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F. BARRY DIGH, Plaintiff, v. NATIONWIDE MUTUAL FIRE INSURANCE COMPANY, Defendant

NO. COA07-153

Filed: 18 December 2007


Insurance_boat insurer--delayed notice of claim--not reasonable

    An insurer had no duty to cover a loss from damage to a boat where the policy language about notice was ambiguous and the notice given was purposefully delayed through bad faith (a desire to keep premiums from increasing).

    Appeal by Plaintiff from judgment entered 31 October 2006 by Judge Richard Doughton in Catawba County Superior Court. Heard in the Court of Appeals 12 September 2007.

    Homesley Goodman & Wingo, PLLC, by Andrew J. Wingo, for Plaintiff-Appellant.

    Robinson Elliott & Smith, by William C. Robinson, for Defendant-Appellee.

    STEPHENS, Judge.

    On 31 May 2002, Defendant Nationwide Mutual Fire Insurance Company (“Nationwide”) issued an insurance policy to Plaintiff F. Barry Digh (“Digh”) to cover Digh's 1998 Eliminator 25-foot powerboat. The front page of the policy assured Digh that he “now [had] a different kind of insurance policy. One that's readable, understandable, straight-forward.” Nevertheless, after Digh's boat was damaged in an accident on Lake Norman in July 2002, Nationwide and Digh find themselves engaged in a dispute over the meaning of the notice provision in the policy's “Physical Damage Coverage” section:
        SECTION I _ CONDITIONS
        . . . .

                2. Your Duties after Loss. In case of a loss, you must:

            a) give notice to us or our agent, and in case of theft also to the police as soon as possible.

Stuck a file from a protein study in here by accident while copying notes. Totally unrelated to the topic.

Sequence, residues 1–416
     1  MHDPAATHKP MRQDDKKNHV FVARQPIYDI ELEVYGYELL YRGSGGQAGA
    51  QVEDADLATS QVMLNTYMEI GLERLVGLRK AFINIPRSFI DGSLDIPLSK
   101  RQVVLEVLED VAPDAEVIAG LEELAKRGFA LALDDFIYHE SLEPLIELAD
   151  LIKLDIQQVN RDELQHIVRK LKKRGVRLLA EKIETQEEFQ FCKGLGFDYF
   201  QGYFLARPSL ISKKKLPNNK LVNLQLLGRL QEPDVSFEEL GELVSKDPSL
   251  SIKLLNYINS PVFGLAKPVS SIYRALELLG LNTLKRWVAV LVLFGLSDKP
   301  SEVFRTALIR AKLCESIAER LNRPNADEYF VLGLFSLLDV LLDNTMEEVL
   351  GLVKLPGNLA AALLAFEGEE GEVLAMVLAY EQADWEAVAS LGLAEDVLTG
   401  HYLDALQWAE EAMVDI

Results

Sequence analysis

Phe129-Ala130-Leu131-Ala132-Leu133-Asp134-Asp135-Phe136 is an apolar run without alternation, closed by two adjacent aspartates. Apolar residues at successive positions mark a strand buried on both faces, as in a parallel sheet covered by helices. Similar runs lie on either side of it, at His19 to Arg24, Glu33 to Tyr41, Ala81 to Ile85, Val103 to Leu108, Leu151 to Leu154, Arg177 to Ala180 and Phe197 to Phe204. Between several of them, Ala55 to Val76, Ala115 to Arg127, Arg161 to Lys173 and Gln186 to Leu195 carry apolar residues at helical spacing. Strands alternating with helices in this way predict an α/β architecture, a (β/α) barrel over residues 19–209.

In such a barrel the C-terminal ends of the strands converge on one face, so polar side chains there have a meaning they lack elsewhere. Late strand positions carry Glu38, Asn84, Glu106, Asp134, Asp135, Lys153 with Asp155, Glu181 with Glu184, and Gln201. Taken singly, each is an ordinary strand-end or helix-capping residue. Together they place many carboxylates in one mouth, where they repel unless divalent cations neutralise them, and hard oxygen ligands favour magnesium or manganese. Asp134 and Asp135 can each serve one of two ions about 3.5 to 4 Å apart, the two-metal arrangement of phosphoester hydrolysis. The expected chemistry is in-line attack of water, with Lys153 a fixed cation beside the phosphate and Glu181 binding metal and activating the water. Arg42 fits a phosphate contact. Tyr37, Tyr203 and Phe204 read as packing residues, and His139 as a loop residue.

Nationwide contends this provision obligated Digh to notify Nationwide of the damage to the boat “as soon as possible” after the accident. Digh, on the other hand, argues he was only obligated to give notice “as soon as possible” to the police in case of theft, and that the provision is silent as to when he was required to give notice to Nationwide in case of a loss. From the trial court's grant of summary judgment in favor of Nationwide, Digh appeals.

BACKGROUND
    On 28 July 2002, Digh was operating his boat on Lake Norman when, according to Digh, a four or five-foot “rogue wave” hit the boat, launching the boat “probably four to six feet out of the water” and ejecting Digh into the lake. Upon getting back on board the boat, Digh saw that the boat had suffered “stress cracks” in the fiberglass of the cockpit area and that the engine “was not quite what it was” before the encounter with the wave, in that he had to turn the key in the ignition “several times to get it to start.” Digh drove the boat back to his boathouse, covered it, and raised it out of the water on his boat lift in his boathouse. At that point, Digh knew some work would have to be done on the boat to fix the stress cracks and engine damage, but Digh thought the cost of repairs would be about “fifteen hundred dollars plus theengine.” Digh did not file a claim with Nationwide because he wanted “to keep [his] insurance from going up.” The boat remained undisturbed on the boat lift for the next five months.
    Around December 2002, Digh brought the boat to Admiral Marine Service (“Admiral”) to have it winterized. Digh kept the boat at Admiral until November 2004 because he “was trying to save enough money to fix it [himself].” In November 2004, he brought the boat to Performance Engines (“Performance”) to have the engine repaired. Performance removed and fixed the engine at a cost of approximately eighty-three hundred dollars. About three weeks after bringing the boat to Performance, Digh brought the boat back to Admiral. At Admiral, Digh discovered a softball-sized hole in the boat's hull. The cost to repair the stress cracks and the hole was estimated to be between fifteen and twenty-four thousand dollars.